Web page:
Monday, December 10, 2012

Ugai: Japanese People Love Gargling

When I was a little kid, my parents and teachers drilled into me the importance of hand-washing for staving off colds and other illness. At the time I was terrified to think that there were things crawling around on my skin that I couldn't see, and I became paranoid about shaking other peoples' hands or sharing a glass or utensil with anyone else. I eventually got over it, but it took the better part of two decades.

In Japan as well, hand-washing is considered an important sanitary measure and children are taught to do it from an early age. Elementary school teachers and junior high school teachers (yes, really) demonstrate proper hand-washing behavior to students and then watch as students practice. Presumably offering tips. "Make sure to scrub all the way up to your wrist, Timmy!"

Now, hand-washing in Japan offers plenty of tangents to spiral off on, like the rarity of soap, paper towels, and hot water in public restrooms or the crazy little sink lids outfitted on toilet water tanks (you are supposed to wash your hands with the water that pours into the tank at the end of the flush cycle).

But the one I want to talk about today is the inseparable partner of hand-washing in Japan: The gargle.

Gargling (called うがい, or ugai) is another hygiene ritual to stave off disease and general malaise. It is extensively practiced in Japan. In fact, those elementary school hygiene lessons I talked about usually include gargling as a final step of the hand-washing routine: Once your hands are clean, cup one to collect water, bring it to your mouth, and gargle for a few seconds before spitting into the sink drain.

Hardcore Japanese garglers, or those feeling a cold coming on, will often mix iodine in a cup and use that to gargle instead of plain water. I've tried this a few times and can assure you that it's a great way to fill your mouth with an iodine aftertaste for the next hour.

With my non-gargling background, I was a little apprehensive about all the noise and spitting I encountered during my first few years in Japan. And I was highly skeptical. What is gargling actually going to do for anyone besides swishing around some microorganisms already in your mouth and probably introducing new ones?

Yet Japanese doctors persisted any time I showed up complaining of a sore throat. "Are you gargling every morning when you wake up?" they asked. Not knowing any better on my first visit to a Japanese doctor, I innocently replied in the negative. This was met with an incredulous expression and then a patronizing, "Oh, right, you're not Japanese... Do you know how to gargle?"

Eventually my contentious relationship with gargling came to a head when a girlfriend insisted that my not gargling was negatively impacting the hygiene of our general household. By refusing to gargle, I was allowing my throat to become a breeding ground for filth and disease which would spread around the room every time I talked or yawned or ate or breathed.

At about this time, I threw up my hands and decided to find out if any real research had been conducted on the subject. Imagine my surprise to find that there are published studies about gargling. Quite a few of them, actually. Imagine my lack of surprise on learning that every one of those published studies comes from Japan.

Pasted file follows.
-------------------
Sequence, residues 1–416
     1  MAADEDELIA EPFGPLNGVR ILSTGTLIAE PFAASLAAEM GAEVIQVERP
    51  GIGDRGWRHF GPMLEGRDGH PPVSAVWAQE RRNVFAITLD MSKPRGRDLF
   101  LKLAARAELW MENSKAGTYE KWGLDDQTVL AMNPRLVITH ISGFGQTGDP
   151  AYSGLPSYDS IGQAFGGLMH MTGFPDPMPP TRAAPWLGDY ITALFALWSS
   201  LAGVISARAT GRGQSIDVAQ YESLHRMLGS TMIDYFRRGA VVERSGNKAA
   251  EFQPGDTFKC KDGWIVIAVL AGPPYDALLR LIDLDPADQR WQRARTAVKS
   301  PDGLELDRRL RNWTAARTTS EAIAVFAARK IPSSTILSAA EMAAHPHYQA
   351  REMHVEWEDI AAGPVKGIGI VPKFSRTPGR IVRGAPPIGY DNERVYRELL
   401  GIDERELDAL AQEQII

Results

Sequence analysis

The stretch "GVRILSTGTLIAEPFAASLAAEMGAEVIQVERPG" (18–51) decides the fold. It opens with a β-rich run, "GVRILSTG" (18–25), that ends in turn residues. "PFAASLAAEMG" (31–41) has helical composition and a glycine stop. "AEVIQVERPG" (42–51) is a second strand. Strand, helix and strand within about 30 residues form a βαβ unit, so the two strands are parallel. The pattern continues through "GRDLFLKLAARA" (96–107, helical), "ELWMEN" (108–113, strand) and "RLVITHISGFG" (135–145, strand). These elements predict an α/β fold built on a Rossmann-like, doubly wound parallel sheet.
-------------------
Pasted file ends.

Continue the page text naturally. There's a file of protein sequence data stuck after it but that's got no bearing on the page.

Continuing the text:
What form she has!
Despite Japan's love-affair with gargling and the consequent potential for bias, these studies seem to have a solid, logical setup: In all the papers I read, individuals had been randomly assigned to either a non-gargling control group or a gargling test group. The experiment ran for a few months like this, and at the end researchers tried to find out which group had caught the most colds during the experiment. Some studies included iodine mixes among their test groups; other studies tried to calculate the cost-effectiveness of gargling as preventative care.

But aside from each study's tweaks to the formula, the main result seemed pretty consistent: Gargling (with water*) appears to have a statistically significant correlation with better respiratory tract health. Whether this is actually causative is still open to debate. Maybe gargling just encourages you to also take sips of water more often throughout the day, keeping you well-hydrated. But regardless, gargling is by some means associated with better health.

(*Gargling with iodine, on the other hand, kills your mouth's native flora and is apparently as harmful as it is helpful. The iodine test groups tended to catch at least as many colds as the control group.)

So next time you walk into a public restroom only to find a line of people head-upturned in burbling chorus, cut them a little slack. Gargling lacks refinement, sure, but it's neither unhygienic nor meaningless, and it's part of what makes this country an endless source of quirks to write about.



    But, gargling doesn't seem to have much of an effect against the flu.

  2. A disease whose spread can't be controlled by gargling?!
    I fully expect Japanese medical forums discussing implications of the impending social chaos.

    (Thank you for the interesting link. ;) )

  3. ALSO, I love that the merits of gargling are still valiantly defended in the article. It doesn't work for preventing the flu--but it *would* work if people could just find some way to gargle every twenty minutes!